• H O W C A N Y O U P R E PA R E F O R A TS U N A M I ? Keeps a close look Warn people who out for earthquakes might be in danger To help some countries prepare for tsunamis, the Pacific Tsunami Warning System was set up. This involves twenty-four countries in the Pacific Ocean area. It is organised from the island of Hawaii, in so that it can the centre of the Pacific Ocean (B). P L A N N I N G F O R A TS U N A M I Tell governments In richer parts of the world, such as Japan, coastal Looks for changes when to move in sea level patterns people away from areas have been changed to help them cope with coastal areas tsunamis. The diagrams in source E show how a coastal area can be changed so that if a tsunami occurs, the damage will be much less. D Pacific Tsunami Warning System Without planning Area devastated by a tsunami Village Houses Possible height of tsunami wave Road Beach Normal sea level With planning Planted forest Houses Possible height of tsunami wave Sea wall Raised road Normal sea level Beach E How planning for a tsunami can help avoid disaster Activities 1 Draw a sketch like the following one. 2 What does the word ‘tsunami’ mean? 3 What has to happen for a tsunami to start? 4 Which part of the world gets the most tsunamis? water 5 What are the aims of the Pacific Tsunami Shallow Warning System? 6 Describe the ways that a coastal area can be Deep water changed to reduce the effect of a tsunami. Put the words in the box below on your sketch. Earthquake Small waves Large waves Buildings destroyed 1 Living with earthquakes and volcanoes 23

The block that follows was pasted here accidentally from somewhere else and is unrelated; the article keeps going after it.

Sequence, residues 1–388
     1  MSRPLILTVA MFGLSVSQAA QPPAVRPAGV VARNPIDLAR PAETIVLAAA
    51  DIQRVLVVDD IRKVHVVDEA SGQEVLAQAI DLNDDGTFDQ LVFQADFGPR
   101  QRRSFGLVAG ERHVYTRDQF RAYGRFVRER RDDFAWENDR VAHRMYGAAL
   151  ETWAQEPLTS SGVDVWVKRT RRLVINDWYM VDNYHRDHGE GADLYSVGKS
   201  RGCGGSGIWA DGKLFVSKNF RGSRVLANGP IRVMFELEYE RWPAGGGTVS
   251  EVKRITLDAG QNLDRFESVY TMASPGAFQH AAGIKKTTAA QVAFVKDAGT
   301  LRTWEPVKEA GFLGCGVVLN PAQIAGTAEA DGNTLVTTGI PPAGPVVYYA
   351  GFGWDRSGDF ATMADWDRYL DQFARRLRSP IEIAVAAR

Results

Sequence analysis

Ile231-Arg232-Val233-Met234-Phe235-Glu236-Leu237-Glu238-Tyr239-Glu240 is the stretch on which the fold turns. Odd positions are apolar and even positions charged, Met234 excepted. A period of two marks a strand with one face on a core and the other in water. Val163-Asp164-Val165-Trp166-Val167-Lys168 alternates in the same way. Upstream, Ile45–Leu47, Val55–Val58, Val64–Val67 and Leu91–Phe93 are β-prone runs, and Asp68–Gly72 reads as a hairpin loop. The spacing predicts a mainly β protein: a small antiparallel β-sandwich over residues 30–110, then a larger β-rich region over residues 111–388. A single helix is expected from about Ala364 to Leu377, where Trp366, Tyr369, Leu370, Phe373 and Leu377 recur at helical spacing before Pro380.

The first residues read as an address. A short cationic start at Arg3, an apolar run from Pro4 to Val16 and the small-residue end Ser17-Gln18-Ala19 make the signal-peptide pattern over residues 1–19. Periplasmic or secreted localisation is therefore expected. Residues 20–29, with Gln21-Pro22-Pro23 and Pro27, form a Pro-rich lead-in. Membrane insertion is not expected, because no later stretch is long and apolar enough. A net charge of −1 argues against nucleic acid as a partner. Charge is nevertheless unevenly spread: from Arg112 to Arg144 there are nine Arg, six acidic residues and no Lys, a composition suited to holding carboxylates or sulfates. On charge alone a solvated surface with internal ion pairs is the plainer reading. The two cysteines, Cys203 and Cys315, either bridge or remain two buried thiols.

• Case study: the Indian Ocean tsunami – December 2004 > Understanding that an undersea earthquake can affect places hundreds of miles away > Finding out about the causes and effects of the Indian Ocean tsunami On the 26 December 2004 one of the strongest earthquakes ever recorded happened near the coast of north-west Indonesia (photo A). The underwater earthquake sent huge waves racing across the Indian Ocean and even reached the coast of East Africa – 4,000 miles away. A Satellite image showing the W H AT C AU S E D T H E TS U N A M I ? developing Indian Ocean tsunami sian Eura te Pla N n ralia Aust Indo- late P 1 The Indo-Australian Plate suddenly moved about 2 The resulting earthquake pushed 20 metres under the 6 metres of water upwards, Indian Ocean. creating a massive wave. India ys ia Mala an ka Sri L atra Sum 3 As the wave reached the coastline it grew in height. n esia Indo B The cause of the tsunami Epicentre of earthquake 0 1000 Kilometres W H AT WA S T H E R E S U LT I N CO A S TA L FAC T F I LE AREAS? • The tsunami killed over 300,000 people. • Over 1 million homes were destroyed. • The waves travelled at over 400 mph out at sea – reducing to 30 mph near land. • The height of the wave was between 3 and 9 metres. C Tourists fleeing as the tsunami wave approaches 24 geography 360° Foundation Book 3